Continent 1 (1):43-51 (2011)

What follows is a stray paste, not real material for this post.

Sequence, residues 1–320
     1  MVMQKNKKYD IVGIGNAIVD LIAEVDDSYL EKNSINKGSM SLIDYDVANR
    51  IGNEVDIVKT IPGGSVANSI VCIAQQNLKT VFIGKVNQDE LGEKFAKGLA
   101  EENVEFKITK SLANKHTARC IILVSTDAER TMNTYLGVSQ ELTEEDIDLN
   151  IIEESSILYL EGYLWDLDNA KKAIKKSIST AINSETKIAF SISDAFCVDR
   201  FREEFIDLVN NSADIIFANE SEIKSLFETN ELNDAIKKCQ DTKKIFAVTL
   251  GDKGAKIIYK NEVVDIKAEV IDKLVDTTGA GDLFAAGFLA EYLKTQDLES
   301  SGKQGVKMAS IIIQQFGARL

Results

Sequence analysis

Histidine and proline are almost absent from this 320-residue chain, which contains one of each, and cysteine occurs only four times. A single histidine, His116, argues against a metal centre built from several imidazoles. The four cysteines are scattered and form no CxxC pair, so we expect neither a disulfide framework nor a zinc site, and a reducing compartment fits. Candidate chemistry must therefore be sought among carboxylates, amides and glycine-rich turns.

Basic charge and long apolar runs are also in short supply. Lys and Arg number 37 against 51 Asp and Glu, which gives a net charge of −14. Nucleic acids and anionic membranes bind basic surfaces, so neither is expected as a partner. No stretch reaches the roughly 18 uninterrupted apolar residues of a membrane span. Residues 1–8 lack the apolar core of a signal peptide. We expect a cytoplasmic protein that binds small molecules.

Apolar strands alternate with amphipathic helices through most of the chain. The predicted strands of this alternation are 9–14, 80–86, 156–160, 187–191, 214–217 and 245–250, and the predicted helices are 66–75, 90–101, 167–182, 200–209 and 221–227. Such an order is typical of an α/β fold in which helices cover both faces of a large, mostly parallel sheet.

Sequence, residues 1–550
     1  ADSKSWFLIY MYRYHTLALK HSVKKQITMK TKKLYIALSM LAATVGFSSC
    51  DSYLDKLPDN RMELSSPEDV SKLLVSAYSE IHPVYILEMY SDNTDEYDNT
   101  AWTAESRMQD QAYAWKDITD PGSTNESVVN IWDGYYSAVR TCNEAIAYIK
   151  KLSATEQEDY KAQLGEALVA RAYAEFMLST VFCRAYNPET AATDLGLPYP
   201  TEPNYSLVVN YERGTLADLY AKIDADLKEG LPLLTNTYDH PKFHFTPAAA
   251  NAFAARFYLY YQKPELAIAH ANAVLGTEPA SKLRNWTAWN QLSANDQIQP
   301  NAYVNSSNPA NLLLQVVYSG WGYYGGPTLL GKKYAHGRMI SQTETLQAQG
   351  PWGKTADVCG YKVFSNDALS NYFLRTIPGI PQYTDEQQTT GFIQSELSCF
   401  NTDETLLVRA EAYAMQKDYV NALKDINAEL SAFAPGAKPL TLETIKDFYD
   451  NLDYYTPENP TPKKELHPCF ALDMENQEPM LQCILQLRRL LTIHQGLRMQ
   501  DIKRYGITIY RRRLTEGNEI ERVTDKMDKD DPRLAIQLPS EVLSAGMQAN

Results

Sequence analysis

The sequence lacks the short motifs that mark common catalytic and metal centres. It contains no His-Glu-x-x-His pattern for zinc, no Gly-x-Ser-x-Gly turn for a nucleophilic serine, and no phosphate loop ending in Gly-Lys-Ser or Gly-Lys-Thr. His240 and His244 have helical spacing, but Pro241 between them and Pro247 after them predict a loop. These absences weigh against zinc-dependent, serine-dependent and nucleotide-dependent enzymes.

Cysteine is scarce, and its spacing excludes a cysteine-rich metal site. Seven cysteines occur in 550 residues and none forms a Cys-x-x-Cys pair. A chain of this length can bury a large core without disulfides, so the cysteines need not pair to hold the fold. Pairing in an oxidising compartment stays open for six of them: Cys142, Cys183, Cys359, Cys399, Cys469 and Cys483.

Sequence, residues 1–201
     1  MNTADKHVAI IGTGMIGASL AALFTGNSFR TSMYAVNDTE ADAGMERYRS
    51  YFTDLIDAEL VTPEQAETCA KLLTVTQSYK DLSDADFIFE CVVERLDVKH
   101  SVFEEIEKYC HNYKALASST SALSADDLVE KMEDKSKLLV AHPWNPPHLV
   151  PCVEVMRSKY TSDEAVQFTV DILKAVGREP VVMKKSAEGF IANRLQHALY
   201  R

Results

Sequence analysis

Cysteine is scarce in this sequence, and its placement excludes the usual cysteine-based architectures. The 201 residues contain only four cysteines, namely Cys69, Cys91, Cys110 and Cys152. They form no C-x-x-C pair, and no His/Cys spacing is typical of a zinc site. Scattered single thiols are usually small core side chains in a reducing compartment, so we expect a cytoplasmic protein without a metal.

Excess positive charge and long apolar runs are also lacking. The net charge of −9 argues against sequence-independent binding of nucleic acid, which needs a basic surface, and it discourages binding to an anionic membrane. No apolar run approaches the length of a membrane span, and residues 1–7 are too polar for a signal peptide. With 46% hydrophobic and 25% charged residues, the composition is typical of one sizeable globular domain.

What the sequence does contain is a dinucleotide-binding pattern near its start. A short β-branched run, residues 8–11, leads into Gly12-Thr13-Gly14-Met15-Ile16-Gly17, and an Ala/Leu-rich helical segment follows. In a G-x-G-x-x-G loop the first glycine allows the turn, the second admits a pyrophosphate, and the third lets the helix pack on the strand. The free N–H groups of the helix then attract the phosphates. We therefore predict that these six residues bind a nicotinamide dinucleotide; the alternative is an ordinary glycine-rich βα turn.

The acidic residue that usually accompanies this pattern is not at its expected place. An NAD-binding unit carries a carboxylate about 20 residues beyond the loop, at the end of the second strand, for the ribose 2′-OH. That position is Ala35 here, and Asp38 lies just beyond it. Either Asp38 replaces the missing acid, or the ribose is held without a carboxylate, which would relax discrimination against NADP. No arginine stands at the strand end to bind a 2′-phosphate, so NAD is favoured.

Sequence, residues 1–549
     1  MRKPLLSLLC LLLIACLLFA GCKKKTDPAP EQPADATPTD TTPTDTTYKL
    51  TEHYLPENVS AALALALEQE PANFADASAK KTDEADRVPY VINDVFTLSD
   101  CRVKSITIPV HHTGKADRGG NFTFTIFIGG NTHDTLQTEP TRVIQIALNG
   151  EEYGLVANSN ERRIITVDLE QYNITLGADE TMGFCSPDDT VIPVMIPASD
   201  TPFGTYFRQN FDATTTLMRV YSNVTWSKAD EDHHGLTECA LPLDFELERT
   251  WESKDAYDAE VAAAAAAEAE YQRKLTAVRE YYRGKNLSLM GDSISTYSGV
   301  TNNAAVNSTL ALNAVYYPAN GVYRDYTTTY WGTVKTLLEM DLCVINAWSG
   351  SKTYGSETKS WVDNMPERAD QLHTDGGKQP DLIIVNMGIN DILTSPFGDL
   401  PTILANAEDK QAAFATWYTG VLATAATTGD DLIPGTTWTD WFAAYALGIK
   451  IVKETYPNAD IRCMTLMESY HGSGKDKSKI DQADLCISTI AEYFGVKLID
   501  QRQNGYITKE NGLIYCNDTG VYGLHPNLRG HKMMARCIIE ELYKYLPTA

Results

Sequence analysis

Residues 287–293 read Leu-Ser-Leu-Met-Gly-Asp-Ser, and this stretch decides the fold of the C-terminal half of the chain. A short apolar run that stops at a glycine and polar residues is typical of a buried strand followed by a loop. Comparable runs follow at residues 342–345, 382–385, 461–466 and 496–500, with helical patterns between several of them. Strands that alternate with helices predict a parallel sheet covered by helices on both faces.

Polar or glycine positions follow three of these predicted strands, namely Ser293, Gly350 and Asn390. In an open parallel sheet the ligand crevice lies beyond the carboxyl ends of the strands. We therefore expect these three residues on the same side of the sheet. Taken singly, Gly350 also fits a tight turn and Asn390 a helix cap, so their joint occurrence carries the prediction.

Reproduced with the kind permission of the author. Currently available in the collection I Looked Alive . © 2010 The Brooklyn Rail/Black Square Editions | ISBN 978-1934029-07-7 Originally published 2003 Four Walls Eight Windows. continent. 1.1 (2011): 43-51. Introduction Ben Segal What interests me is instigated language, language dishabituated from its ordinary doings, language startled by itself. I don't know where that sort of interest locates me, or leaves me, but a lot of the books I see in the stores seem to lack language entirely. Gary Lutz (2006). This issue of continent.'s fiction section features a reprint of “This Is Nice of You” from the first edition of Gary Lutz's collection I Looked Alive . That book was originally released by Four Walls Eight Windows in 2003 and has since been reissued in 2010 by The Brooklyn Rail/Black Square Editions. Calamari Press has also reissued Lutz's Stories in the Worst Way (originally published by Knopf, largely forgotten and dismissed, and then re-issued by the too-short-lived 3rd Bed). “This Is Nice of You” was edited for the re-issue of I Looked Alive and, as the original book is out of print, the earlier version of the story has been hard to come by for some time. This initial version is a bit longer than the new version—Lutz is a master of tightening down his texts to their most linguistically intensified cores—but it is in no way sloppy. It is a great privilege for continent. to be able to make available rare texts of (first) aesthetic and (second) scholarly value. For those readers unfamiliar with Gary Lutz, I believe this story will serve as a worthy introduction. Like Raymond Carver, Diane Williams, Christine Schutt, and so many other important twentieth century and contemporary short story writers, Lutz studied with and was edited by Gordon Lish. This connection is apparent in his attention to sound and the sentence as compositional unit, but Lutz's is a unique voice. “This Is Nice of You” bears Lutz's trademark torqued and turning syntax, his sexed-but-nameless characters, his rendering of the human body and its emissions as utterly discomfiting. Lutz's preoccupations with the mundane raise ordinariness, via startling language and observation, to grandiosity and grotesquery. In the fall of 2008, Lutz delivered a lecture entitled “The Sentence is a Lonely Place” to writing students at Columbia University. The lecture was later printed in The Believer (and is linked below). In it, he spoke about the importance of the sentence as a compositional unit, as even the distinguishing formal characteristic of prose. Specifically, Lutz explained that, from Lish, he had developed a "poetics of the sentence." Accordingly, Lutz constructs his stories at the level of the sentence, paying extreme attention to the material of words- their letters and their sounds- and the way they abut one another and interact on this material level even before they are employed in the service of traditional aims of fiction like meaning or story. Lutz often uses a(n almost constraint-related) technique called consecution. Letters or sounds from one word are carried forward into the following, producing drama and movement in the language itself at a level entirely apart from that of plot. For example, you can see how the 't's in the first sentence of “This Is Nice of You” repeat fast and hard through met and then soften into the 'th's of brothers and they. This close attention to the specific material and characteristic conditions of prose means that Gary Lutz's work always involves both a happening in language and of language. “This Is Nice of You” has a richness and depth that is hidden not in symbolism or obscure reference but on the surface of the page, in the language of every sentence. FURTHER READING Lutz, Gary. “ The Sentence Is a Lonely Place. ” The Believer January, 2009. Web. Short stories and excerpts at Web del Sol . Web. Taylor, Justin. “ An Interview with Gary Lutz .” Bookslut. July, 2006. Web. THIS IS NICE OF YOU   I was a man dropping already well through my forties, filthy with myself, when, taking a turn at the toilets one afternoon, I met two brothers-they said they were brothers-who swore they had a sister, a schoolteacher, an officer of instruction at the county college, a whirlwind midlife turmoil of everything already put to ruin, who had gone off from a new marriage in an old car, an upkept and ennobling sedan, but had returned now to the apartment and  was living there alone with the little runoff there was from the marriage-some outcurved appliances, apparently, and low-posted furniture promoting its own mystery but becoming figurable in certain concentrations of TV light-and, above all, a telephone (on a pedestal, they insisted), the handpiece of which she gripped in lieu of exercise, or in fury, and I thus let out my little, reliable cry that I was in fact a student of the telephone, that it was a debasing apparatus in the main, with its meager economy of bells and tones, and the intimacy of the mouthpiece that sent your breath, tiny aftervapors of it, back toward your lips, so that regardless of the party accepting the outgoing products of your voice, you were, at most, in a further, rivaling exchange with yourself alone, and this is what must have brought the two of them around, the men who proclaimed brotherhood with the woman, because they offered me her phone number, put it at my disposal on a piece of paper one of them had already committed it to, a tearing from a menu, and the looks the men were now giving me had deletions in them, already, of my exact, beanpole shape and size. So off I went to a pay phone, the nearest canopied one I could find. The woman answered after the second ring and said she needed a lift right that very moment into the little, unlevel city close by. She was idling in the doorway of the building when I pulled up in front, and I helped her into the car, then got back in myself. I had always had a way of not having to look at people that nonetheless brought them to me in full, and so I still am certain of the susceptive and impressible comp-lexion, the shimmer on the mouth, a lipstick of low brilliance, a difficulty around the eyes, the hair short and rayed out exclamation ally, skin bagged up over the elbow bone, conflict even in how her arms stayed at her sides—in sum, a spinal loveliness for me, an off-blonde quantity with shadowed, thumbworn hollows that put me out of as much as I might have ever known of women before. I set the two of us into the narrow traffic, and I remember telling her, by way of explaining the little burden which I had shifted, by now, from the shelf of the dashboard and onto my lap, that when you lived in filth, as I then did, a daily newspaper came to count for a lot, although instead of the thick-supplemented local paper I bought a trimmer one from a backlying town—not, of course, for any affluences of native data it carried, but as an article of house ware: a rough immaculacy in four lank sections, a set of fresh, hygienic surfaces to come between the table, say, and whatever I had going for me at the table, if the table was where I was going forward—because what else so cheap comes so clean and far-spreading? The woman told me that her own trouble with paper was that through a modest hole, no larger than a quarter, that had been drilled a foot or so above the floor (the standard height, she had reasoned, of legitimate electrical outlets), and by means of which her faculty office had at last gained communication with the roomier but unoccupied office next door, more and more often shot a single sheet of paper, plain copier paper she had rolled just barely into a tube,  so that after landing on the floor of the neighboring office the paper would preserve little if any of the curl, and there would be nothing written or typed on it, of course, and it was always a blank sheet that had been ageing on her desk for some time and had already been moved around, or advanced, from station to station on the desktop, coming into further creaselets and crimps and other infirmities—paper, in short, still too bare and unfraught to be thrown responsibly and forgettably away, and yet too seasoned and beset with irritations of the surface (a molelike blemish, say, or what looked like a tiny hair, an eyelash, sunk into it, or frecklings, or notational pressings of a fingernail), too wrought, in sum, for the paper to be appointed to any secure curricular purpose. Her office, she claimed, was in fact full of such paper, much-handled and singularized sheets of it by the loose, functionless hundred. I had to get it across to the woman that I myself no longer had an office, or any other place to divide me reliably from everybody else, and that for much of the daylight I thus appeared to be among people because I kept putting myself where people came together into even closer-fitting assortments, the viewing areas and showrooms and rotundas and such: I took in the lean-to look of the women, the tongues coming and going in what the men kept thinking of to say—whole families of low knees for me to bark my shins against during the crowded and involving way out. At home afterward, in the one room where my life was packed down, I would keep my nose stuck in the safehold of the phone  book, where the names of people suffered reduction to mere episodes of the alphabet and underwent humbling declensions down every column (Lail, Lain, Laine, Lainerd), and he names of streets, of the towns and townships, got docked in crude, heedless abbreviations (the vowels almost always the first to get poked out), and I would run my eyes over the telephone numbers themselves, each sequence of digits another fallible run of the infinite. I thus corrected my feelings for people and assembled myself emotionally into whatever else I had at hand—the obligating arms of the clothes hangers, usually, or the keen-angled understructure, the guardian legginess, of the ironing board. The woman said that in her case, though, it was more a matter of making slow circuits of the classroom where she had to put across the Emporial Sciences, retail theory and methods, to heat-giving and suggestive young women, some of them world cruelties already. There was the cooing of empty stomachs in the hour just before lunch, and the braying and fizzle of loaded stomachs in the low hours of the afternoon. She would recite her notes in a voice barely loyal to anyone octave, a tiny alluvium of slaver hardening at the corners of her mouth on the days she gave the glassy lozenges a slow, warming suck, and she would take lowering notice of how whatever she said succumbed at once to freak spellings and razzing paraphrase in the big, dividered notebooks; and because in midafternoon light the world looked as thorough, as filled in, as it was ever going to get, a better way to set about ruining her eyes was to review how hair had  established itself on the arms of the young women, because almost every arm had brought across itself a welcome and diversifying shadow. On one girl it would be a fine, driftless haze afloat above the white of the arm, never seeming to touch down on the skin itself. (An atmosphere, at most, of chestnut brown.) On another, it was as if copper wire, the narrowmost lengthlets of it, had been stuck into the fleshy batter of the thick, freckled forearms. On a third: a field of it–wheat-colored, thin-spun. On a fourth; a differencing, darkish updrift that shaded off as it approached the inner bend of the elbow, then re-emerged at the base of the upper arm as whiskery fringe. On others it was a brassy or rust-colored frizz, or it was as coarse as cornsilk, or it looked fussed on, as if the arm had been slowly stroked with charcoal. But here the woman broke off, or I may well have made an interruption of my own—I think I must have asked whether she was hungry, and she said if I was, and so on one of the lesser streets I parked the car and led her down into a belowstairs eating house I still remembered. Sandwiches were presently lowered in front of us. I watched her remove the festooned toothpick from hers and then play her fingers over the toasted planes before she took a fond first bite. "This is nice of you," she said. I must have looked at her in the way I then had of getting people to speak so they would not seem to be dwelling any longer on my features, because if on the well-set face the mouth and eyes are said to seem frozen in elegant orbit about the til) of the nose, then mine was a face that behold-ers, regarders, could not help trying to round off with greater success, to goad the particulars of it back into the arcs they had wandered away from—the mouth, for instance, having been pursed and pinched suchwise that it seemed resident more on one side of the face than the other—and there were other signs of original strife to be busied with (slapdash eyebrows unbunched, it appeared, from reserves of hair elsewhere on my person; a showing of adult acne, a shrivelly little relevance of it, confined to the declivity of my nose); and so to be polite, the woman thus sank her gaze into her sandwich, and told me, in a voice lowered accordingly, that, one late-childhood summer, she had devoted herself to collecting postage stamps: it was a tongue-involving sideline to early-arriving puberty, and she liked having to lick the pale, gummed hinges instead of the sticky backs of the stamps themselves before entering everything into the hosting album; and once, during some foul weather between her and a brother (the older, thrown-over one, who had already made a habit of fooling the underside of his arm across the top of hers and calling her "pussified"), she reached for the shoe box in which she had let duplicate stamps accumulate—Spanish ones, mostly, of a fading orange—and sent the box slooshing through the lower air so that the stamps showered onto the brother's bare legs with a full, delicate harm. The woman was now touching up the surface of her iced tea with tiny activities, initiatives, of the longspun spoon. I myself was good at getting my touch onto things, although in a way that seemed to mix up the motive atoms inside  them, but I was satisfied that for the moment my sandwich, the unbitten-at half of it, was displayable and fit and local to my plate. The woman went on to say that, as a child, she had been bundled off, many an afternoon, to the slope-ceilinged quarters of a bachelor uncle who, when speaking of anybody not immediately present, could not bring himself to use the person's name but instead would say "an acquaintance of mine in ..." and then mention the name of some lapsed homeland, or little-loved rural orchestra, or backset building about to come down; and it was never a riddle, this device of his (not once could the girl have been expected to identify any of the subjects), and no matter how often and aloud he insisted that particularizing persons any further—bringing even a first name down upon anyone of them—would have been indecent, he claimed, much like doing things to people while they slept, the girl accepted all of the uncle's prim and extravagant evasion for what he surely must have intended it to be: a neat, protective trick to space the world out a little further in her favor, to scatter the population so that wherever her hand might at last come down, it would have to be on herself alone. And here I could sense that the woman wanted from my mouth an account of as much as I myself might have ever managed of attachment, so I told her I had once owned a house (a rising, really, of much-fingered, handwrought architecture that amounted to a little family of rooms above garages: a boxlike building with a rattly thorax of downspouts  and drainpipes and an unfolded but full-toned fire escape), and I had had for a time a boarder, a student, a high-colored, loose-packed representative of declining girlhood, hung with necklaces and barrettes, a girl of precise but shifting leanings and inclinations; and the afternoon she had come round to ask after the room, I stood in the entranceway, handshaken and asweat, and from what would later be my memory of the girl, I made off with, first, how every pore of her nose seemed to be sheltering within itself a tiny dark seedlet, a grain of something immediately, enormously valuable. And an almost lipless mouth (just a slit, practically), the teeth inside looking wet, watered-it was my life's chore, at that instant, to keep from sending the back of my thumb blotterlike across the line of them (I was later to learn she drank everything cold and through the narrowest of straws). And her hair: it was tea-colored hair she had, long and reachful, an unstopped downcome of it. Tall for a girl, but she managed to stay out of much of her height and put herself across as somebody backward, or behind. I must have told the girl, as best I could, that I of course had a wife, a full-faced, imperishable partner, though for the moment she was gone otherwhere in the marriage, and here the woman, my present companion, my tablemate, whose feet were now parked, in parallel, on the grade of my upper leg, interrupted to say that her husband, too, had been such a liar, and what could I bring up by way of reply other than that a lie is a truth struck through with other, further truth, or that a lie is the present multiplied by the past or that a lie  is an outcry of borrowed hope? The woman gave me an allowed look of disgust, her eyes lowered but still popular with me, and on I went with what had now become the girl of my story. For there had been a great, gainful carpet in the room I put the girl into, a matty expanse of coarse, grabby piles, an engrossing affair that took things into itself and held them tight, misered them, and I of course insisted that the girl not bother herself with its upkeep, that I enjoyed weekly access to a prestigious, upstanding vacuum cleaner; but no sooner was the girl out of the house each morning than I would withdraw from my room, where time was unportionable, and loose myself into the ticktock impertinence of the girl's room and get down on my knees, and, going after the carpet first with my fingers, then with a forceps, and finally by unspooling lengths of clear package-sealing tape and pressing them against the tufts in neat rectangles to catch what I might have missed, I brought vast tracts of the carpet to depletion, recovering not simply the girlinesses, the girleries, one would expect (buttons, straight pins, downed jewelry), but flirtier personalia in the form, say, of a stray confetto brought into the world when a page had been wrung with out caution from a spiral-bound notebook, or some pleated paper shells of the chocolates she required, or one of the bargain antihistamines she took to get her naps going, or a trash-bag tie ragged enough to show the kinked line of the wire within (this I would get wound around my finger), or a cough drop enwrapped like a bonbon (I would undo the  wings of the wrapper and have to decide whether to suck the drop all down or begin chewing it midway)—I became the following, the public, that these things, these off-faIlings, had come to have; but mostly there was hair, afloat above the uppermost pushings of the fabric of the carpet an almost continuous haziness of loose hairs of all lengths and sources, and I would have to set them out on a fresh sheet of paper and assort them according to the regions of the body they had taken their departure from, and in no time I had nest-like filiations of broken filaments and smaller involvements of the hairs that made me think of hooks, of barbs, of treble clefs, and each pile required a separate envelope, to be filed in a separate shoe box for every sector of the body until, I hoped, the boxes themselves would no longer be enough and I would have raised something semblable, brought up something equal in volume to the comprehensive girl herself. And her wastebasket! For every bit of rubbish, every dreariment she tossed into the thing, I would, in secret, deposit a reciprocal discard of my own, matching a spotted, confessory tissue of hers with a lurid throwaway after my own heart–the cardboard substructions of a fresh parcel of underwear, maybe, or tearings from pantyhose I now and again pressed against a span of my forearm to work onto it the complications of female shading I otherwise made do, choosily, without. I thus built the two of us up together in her trash! One afternoon-it was another of those lifeful, unsam-pled days on which the world humors us each a little differently to keep us nicely on our last legs—I discovered in the wastebasket an inch-deep textbook of hers, a paperback with a celery-colored cover that had come partly unglued, and this dilapidation I paired off, naturally, with a name-your baby guide to whose pages, during my recurrent turnings of them, in bed or at table, I had contributed dried produces of my person, a chemical splendor entirely mine. This coupling sent a sudden spigoty thrill from me that forced an unbuckling and an unzipping and a cleanup with a handkerchief I then ventured responsively into the wastebasket as well. It was in the bathroom afterward that I found a suds-clouded puddle on the unlevel floor of the tub, a little undrained remainder, rimmed with offscum, of the girl's prolonged early-morning soak, and this was as much as I needed to get on my hands; I pressed them flat against the wet porcelain, then flapped them around in the air, and that was when I noticed it—in the amphitheater of the toilet bowl, an orange-yellow tint, or value, to the waters. When the girl arrived home that evening, I told her, of course, that I had discovered fresh, unforeseen trouble within the tank of thelet (a misalignment of the trip lever, a waywardness of the float ball, a ulation of the lift wires, kinks and defects, really, throughout the entire system) and that in fine it was an apparatus now operable only by means of advanced and strenuous equilibrial manipulations that it would be unseemly, inhospitable, of me to pre-sume to burd to burden her with–so that from here on out, following any leak or evacuation she need merely lower the lid and then, before quitting the room, ring the handbell that had been placed on the would seeeverythinghing else. But the bell never rang, not even once, and from my window the next morning I watched the girl carry from the house a little plastic bag distended balloonishly, much like those bags you will remember having seen in the hands of children bearing homeward their solitary carnival-prize goldfish. In fact, I never ran across the likes of the girl again. The man who came to collect her things-not the father, apparently, but an advocate, an upholder-l found to be dull-eared and lax in his speech, and the better part of his face seemed to have already begun making tiny, rotational departures from whatever it was that the eyes, themselves impressively mobile, were just that moment having to take in. (Was there a lamp in the house that was not that night slopping its wattage over everything?) I guess I was waiting for the man to take a laggard, last-minute interest in me, and by now I was pushing everything out into the paired first person–it was, I said, “Our night shot,” and I began including the two of us in whatever it might be doing out, the expected sprinkles and such—but he was no friendship buff, and he paid no heed to my telling him that the only dress of hers I'd ever twidged myself into even part of the way had been the simplest of them all, a large-buttoned wonder of depthless blue, and then only on the principle that one naturally fits whatever one has into whatever somebody else  had first, or how else would the world keep getting any taller with people? The man just went about the removal of the girl's things without having to be reminded too noticeably, I guess, of how every dick hangs by a thread. My listener, though, had by this time brought about some becoming slowings of her arm—it was an arm inclinable to langorous diagonals and magicianly swoops through the air above the tabletop—but it no longer was involving itself with her plate, so I suggested we shove off, I made payment for the food, and on our way to the car, and then in the car as I took to following her pointings, the directional tilts of her head, she said that you naturally kept putting more and more of yourself into another person, at first wondering how much she can take, how much of you is accumulable and how much she can hold, and you're letting things out, disbursing yourself, and you've soon got things set up in her, and room is being made for even more of you, and if you bring this off with enough people, even two or three, what you've got is at first a comfort, because you can pass yourself along and move a little more widely through the world and leave it to these others to man your grievances, your disappointments; and what brought this to mind, the woman said, was a term of financial hardship she had contrived for herself a few years back, an unpaid leave of absence from scrupling letter grades onto quiz papers (propped-up As, and upended Bs made to look, rather, like fannies; all As and Bs, no Cs or anything lower, the difference between an A and a B having less to do with the accuracy of whatever facts might  have been impounded in provided for an answer than with anything recallable about the way the enrollee ad conformed her body to the confining perpendiculars of her chair and the navel-level writing surface that projected from it, or the way there might one day have been an unignorable blush on the instep of a once-moseying foot, disburdened of its shoe, that had got itself trapped in the grillwork of that cagelike involvement, intended for books, that was welded to, or otherwise schemed into, the underworks of the chair)—this had been a duration, in short, of controlled difficulty when the misexpenditure of even a twenty-dollar bill had set her thrilling, gloating, over everything she would miss out on, and one afternoon she had made an engagement for a haircut, just a trim, and very early in the session the haircutter, a woman ill-defined in the face but otherwise full of conspicuities of emotion, set down the prevailing scissors and pressed the flat of a lukewarm hand against the woman's cheek, held it there for a good minute or longer, while the other hand eventually found its way into a drawer, a shallow treasury of slender specialty scissors, one pair of which the cutter withdrew and began routing deductively through the woman's hair, the other hand staying put on the cheek, longer and longer, and the woman went home and for afterward the bathtub was now a more likely destination than any of the upright furniture, and it got easier to fill the tub with further clarifying volumes than to clear space on the difficult heights of the sofa, and she was hardly claiming to have become a cleaner  person in result—she in fact would often discover, voyaging about her body, a browned, fractionary detail of a larger crepe of toilet tissue that must have got itself stuck in some assy crevice and was impossible to get plucked out of the revolving suds—she was saying only that she spent more and more of her time thus immersed, ill off in water, and the haircutter had surely had a hand in it, the woman was doing some of the cutter's life now, coming into some of its wrong, because you sometimes have to look to somebody else's life to get dimensions set back even part of the way around your own, and it should not have to be any less your own life when it comes from somebody else, and you could surely fudge a society out of anyone available person and get this person doubling for the many, so that in the little run of things perpetuable from one person to the next, every loose moment stood to become a complete, active finality. But by now this was a new day, with only an hour or so off it already, and the place the woman had made me bring us to, the man's place, with a promise that the man was elsewhere—this was on a little offshoot of a street, a stewy efficiency apartment the color had long ago gone out of; and when, once in bed, still clothed, I found among the sheets and blankets a spoiling pair of the man's underpants, one of the leg openings of which was puckered into an avid, sloppy mouth, I held myself accountable for redisposing the fabric until I got a befitting featurelessness back onto it; but all the while, I am sure I had to make myself go over again in my mind that if the body is the porter of as many organs of affec-tion as there might one day turn out to be, then the idea was to let the thing carry you to where you would otherwise never have any reason to arrive, because I listened for the unmelodiof the the thede ofthe woman's zipper, and then the woman made me put myself out of my own clothes, the attritional corduroys and overshirt, and got herself up at last onto the topic not of the man whose apartment it was (because his story was scarcely the story of how the boy who decides he is half a girl no sooner starts to worry about where the other half might than he gets careless with where he rests his eyes, or what he gives even the feeblest of fingerholds to, and anything, even a crumbly triangle of pie offered on a saucer instead of on a pie plate proper, comes in easy, ready, wronging answer), but of her husband, and how, no more than a couple of months into the marriage, he had begun snugging away in his undershorts a little source of chanc, reliable frictions to nudge him onward through the workday—anything company-keeping that could be counted on not to slide out of the elasticky leg holes: a half-dollar packet of chocolate tittles, maybe, that was barely noticeable in the baggy surround of the widecut trousers so popular at the time. For by now the woman had at last brought what is usually called the other mouth to within only inches of my lips, but it is not a mouth, obviously, although I let myself go along with the goodwill behind the comparison, the way I will remain loyal to anything deliberately and faithfully misunderstood, and I fussed my tongue against the vital trifles hung inside of her, as much of the curtailed finery as I could find,  and gave the whole insimplicity of it a slow-circling, examinational lick, until I was taking a sudden tepid downwash on the tongue. It was a familiar, latrine in dribble that must have tasted, no doubt, like trouble just starting out.p  Editor's Note: Original pagination from first edition print denoted with bracketed page numbers